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Good books on Cars/Engines?

  1. Jun 17, 2012 #1
    I'm looking to learn more about cars, mostly on engines but also subsystems (steering, brakes, suspension, etc.)

    I want to learn how things are done, and things about sensors/electronics, techniques on throttling, fuel injection, shifting, starting, etc.

    I'd welcome all suggestions, the more variety the better. I want to learn about all I can.
  2. jcsd
  3. Jun 18, 2012 #2

    Ranger Mike

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    start with Automotive Engineering forum under this forum...
  4. Jun 18, 2012 #3


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    And get the Bosch automotive handbook.
  5. Jun 18, 2012 #4
  6. Jul 1, 2012 #5
    I got the second one (Auto fundamentals) and it is the right idea of what I'm looking for although its too novice level, sort of like for kids. If there is some book of that type but more advanced, I'd really like to know about it.

  7. Jul 2, 2012 #6
  8. Jul 4, 2012 #7
    If you are wanting my in depth repair etc you will have to go into more specialized books. What are you after exactly?

    Anyone starts at the basics and progress from there. Fully understanding each area and not a skim through will build a foundation that will promote a more thorough knowledge base in repairs. One thing a lot don't study often is the automatic transmission and its internal operations during operation.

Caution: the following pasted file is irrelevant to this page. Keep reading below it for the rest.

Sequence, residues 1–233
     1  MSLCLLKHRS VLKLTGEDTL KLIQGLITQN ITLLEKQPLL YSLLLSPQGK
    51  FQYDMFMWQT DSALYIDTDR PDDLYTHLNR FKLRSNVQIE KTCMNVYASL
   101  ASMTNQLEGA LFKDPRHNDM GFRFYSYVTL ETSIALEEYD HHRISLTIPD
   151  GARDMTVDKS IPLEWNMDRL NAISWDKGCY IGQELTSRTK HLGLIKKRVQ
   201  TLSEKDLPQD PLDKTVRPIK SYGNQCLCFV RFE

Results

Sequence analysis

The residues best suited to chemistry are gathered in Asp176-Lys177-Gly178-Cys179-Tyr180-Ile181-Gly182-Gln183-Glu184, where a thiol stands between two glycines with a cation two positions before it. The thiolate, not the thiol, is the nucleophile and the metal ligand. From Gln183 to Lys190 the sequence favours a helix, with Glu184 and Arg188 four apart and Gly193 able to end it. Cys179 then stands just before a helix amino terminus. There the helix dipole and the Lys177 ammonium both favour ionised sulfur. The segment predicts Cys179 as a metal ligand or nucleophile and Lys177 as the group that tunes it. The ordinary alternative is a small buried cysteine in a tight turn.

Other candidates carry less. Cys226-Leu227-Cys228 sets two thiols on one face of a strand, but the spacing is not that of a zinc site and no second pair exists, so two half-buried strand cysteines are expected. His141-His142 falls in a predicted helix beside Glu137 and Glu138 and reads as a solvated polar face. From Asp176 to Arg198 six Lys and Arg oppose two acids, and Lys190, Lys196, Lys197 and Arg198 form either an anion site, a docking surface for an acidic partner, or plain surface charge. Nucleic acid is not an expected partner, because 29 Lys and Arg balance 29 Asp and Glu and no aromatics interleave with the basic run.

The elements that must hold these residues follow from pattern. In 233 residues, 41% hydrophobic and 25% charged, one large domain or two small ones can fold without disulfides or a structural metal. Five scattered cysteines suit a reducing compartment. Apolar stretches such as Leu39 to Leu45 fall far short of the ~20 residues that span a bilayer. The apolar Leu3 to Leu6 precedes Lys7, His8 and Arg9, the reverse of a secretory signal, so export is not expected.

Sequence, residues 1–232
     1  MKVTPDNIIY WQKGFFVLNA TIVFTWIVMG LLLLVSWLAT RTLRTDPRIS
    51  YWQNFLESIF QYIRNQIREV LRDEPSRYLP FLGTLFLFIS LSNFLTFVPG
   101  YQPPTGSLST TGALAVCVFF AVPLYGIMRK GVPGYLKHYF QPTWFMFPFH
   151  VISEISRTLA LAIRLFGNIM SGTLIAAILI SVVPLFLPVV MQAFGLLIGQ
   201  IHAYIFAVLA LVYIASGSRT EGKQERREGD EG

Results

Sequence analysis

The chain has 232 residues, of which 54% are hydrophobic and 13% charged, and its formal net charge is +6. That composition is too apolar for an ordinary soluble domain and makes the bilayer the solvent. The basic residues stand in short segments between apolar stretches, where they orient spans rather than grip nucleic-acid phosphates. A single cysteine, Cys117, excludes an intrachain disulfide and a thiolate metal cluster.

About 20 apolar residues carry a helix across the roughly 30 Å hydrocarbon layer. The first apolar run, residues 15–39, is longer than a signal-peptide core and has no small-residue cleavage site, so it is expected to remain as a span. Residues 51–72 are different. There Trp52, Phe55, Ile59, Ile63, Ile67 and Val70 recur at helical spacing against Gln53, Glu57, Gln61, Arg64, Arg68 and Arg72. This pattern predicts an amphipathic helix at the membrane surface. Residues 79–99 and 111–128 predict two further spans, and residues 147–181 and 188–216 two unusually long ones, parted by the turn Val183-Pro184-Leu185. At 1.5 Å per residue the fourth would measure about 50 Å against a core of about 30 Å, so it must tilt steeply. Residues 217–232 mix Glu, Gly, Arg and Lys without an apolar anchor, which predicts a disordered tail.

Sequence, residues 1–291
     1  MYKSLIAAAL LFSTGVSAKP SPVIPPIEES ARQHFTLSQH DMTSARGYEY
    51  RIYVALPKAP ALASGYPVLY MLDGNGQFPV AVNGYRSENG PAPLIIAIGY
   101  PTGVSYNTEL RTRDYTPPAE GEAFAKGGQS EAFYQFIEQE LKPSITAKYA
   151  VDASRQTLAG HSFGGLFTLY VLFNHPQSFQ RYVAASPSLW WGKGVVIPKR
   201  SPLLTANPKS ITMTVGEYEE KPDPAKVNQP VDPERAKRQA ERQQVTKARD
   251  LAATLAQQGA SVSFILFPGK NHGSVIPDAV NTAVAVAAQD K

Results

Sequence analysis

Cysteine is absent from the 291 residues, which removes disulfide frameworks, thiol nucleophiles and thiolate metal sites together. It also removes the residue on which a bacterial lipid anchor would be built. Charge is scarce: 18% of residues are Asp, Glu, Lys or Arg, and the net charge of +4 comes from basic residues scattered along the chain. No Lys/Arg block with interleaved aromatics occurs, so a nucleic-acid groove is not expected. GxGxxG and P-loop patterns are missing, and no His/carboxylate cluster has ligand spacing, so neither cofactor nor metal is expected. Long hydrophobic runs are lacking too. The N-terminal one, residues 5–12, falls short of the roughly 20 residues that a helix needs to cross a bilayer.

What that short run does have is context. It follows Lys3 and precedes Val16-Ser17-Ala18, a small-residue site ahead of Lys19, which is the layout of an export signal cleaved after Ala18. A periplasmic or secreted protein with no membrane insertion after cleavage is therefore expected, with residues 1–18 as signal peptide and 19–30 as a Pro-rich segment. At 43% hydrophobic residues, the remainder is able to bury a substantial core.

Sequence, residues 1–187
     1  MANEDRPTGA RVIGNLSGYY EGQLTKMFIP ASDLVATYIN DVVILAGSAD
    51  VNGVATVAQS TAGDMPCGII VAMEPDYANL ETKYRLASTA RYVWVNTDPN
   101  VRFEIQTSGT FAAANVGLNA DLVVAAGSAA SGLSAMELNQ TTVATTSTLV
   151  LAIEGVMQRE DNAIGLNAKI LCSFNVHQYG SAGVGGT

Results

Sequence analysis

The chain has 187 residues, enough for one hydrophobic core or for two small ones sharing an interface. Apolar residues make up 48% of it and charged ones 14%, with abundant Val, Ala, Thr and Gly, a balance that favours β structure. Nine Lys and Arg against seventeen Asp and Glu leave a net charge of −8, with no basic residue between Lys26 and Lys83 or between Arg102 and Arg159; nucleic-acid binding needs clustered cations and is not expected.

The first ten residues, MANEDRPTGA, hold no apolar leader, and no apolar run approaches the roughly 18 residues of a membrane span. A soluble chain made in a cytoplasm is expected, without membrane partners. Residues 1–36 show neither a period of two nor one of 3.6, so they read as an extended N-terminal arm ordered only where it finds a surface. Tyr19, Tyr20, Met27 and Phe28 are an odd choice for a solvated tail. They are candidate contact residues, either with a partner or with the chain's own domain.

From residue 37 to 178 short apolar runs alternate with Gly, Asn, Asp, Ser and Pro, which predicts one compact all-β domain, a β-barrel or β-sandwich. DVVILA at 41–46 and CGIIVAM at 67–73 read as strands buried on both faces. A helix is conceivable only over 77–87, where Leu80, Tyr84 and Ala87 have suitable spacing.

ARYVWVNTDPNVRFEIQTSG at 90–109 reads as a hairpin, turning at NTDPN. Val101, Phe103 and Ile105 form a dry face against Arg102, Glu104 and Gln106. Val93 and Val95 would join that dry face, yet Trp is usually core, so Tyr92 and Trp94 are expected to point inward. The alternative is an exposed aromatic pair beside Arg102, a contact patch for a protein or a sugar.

9. Jul 6, 2012 #8
    I already know the foundation and all the basics, I just want a book that is 1 step further. The ones suggested are good, but now I'm looking for the next level up. Ideally I want a book that breaks down systems and components and explains why they were designed the way they are, i.e. what was the motivation and thought process that the engineers had to go through to come up with that design.

    I'm not specifically looking for engine history, but talking about past failures and solutions would help. I'll look into that electrical system book, rcremont, thanks.
  10. Jul 6, 2012 #9
    I don't think you are going to find exactly what you want, at the level you want.
    I find that most books are either aimed at amateur enthusiasts or are extremely dry technical texts. There is a gap in the market for the '2nd level' technical book.

    This is because it's so difficult to write a good one, for two reasons:

    1. Most things are designed by companies, and what they learn costs them money (ususally from failures), so they try their best to keep design best practice guidelines confidential.

    2. There are so many potential designs, and so many factors influencing design decisions and so many compromises, it quickly becomes impossible to sensibly list or discuss them. Especially when a design factor is a subjective criteria.

    The Bosch Handbook will probably be closest to the thing you want.

    But ultimately, experience is what you are after and you can't get that from a book.
  11. Jul 7, 2012 #10
    Think about why we design things in general. To make tasks needed to be done quicker, done more efficiently and in the safest manner possible. The simplicity of the design for whatever it may be is most desirable. My grandfather once said, everything changes for the better, remember this progression doesn't happen very fast if each time something is redesigned rather than looking at the first designs faults and fixing them or removing or adding characteristics etc.
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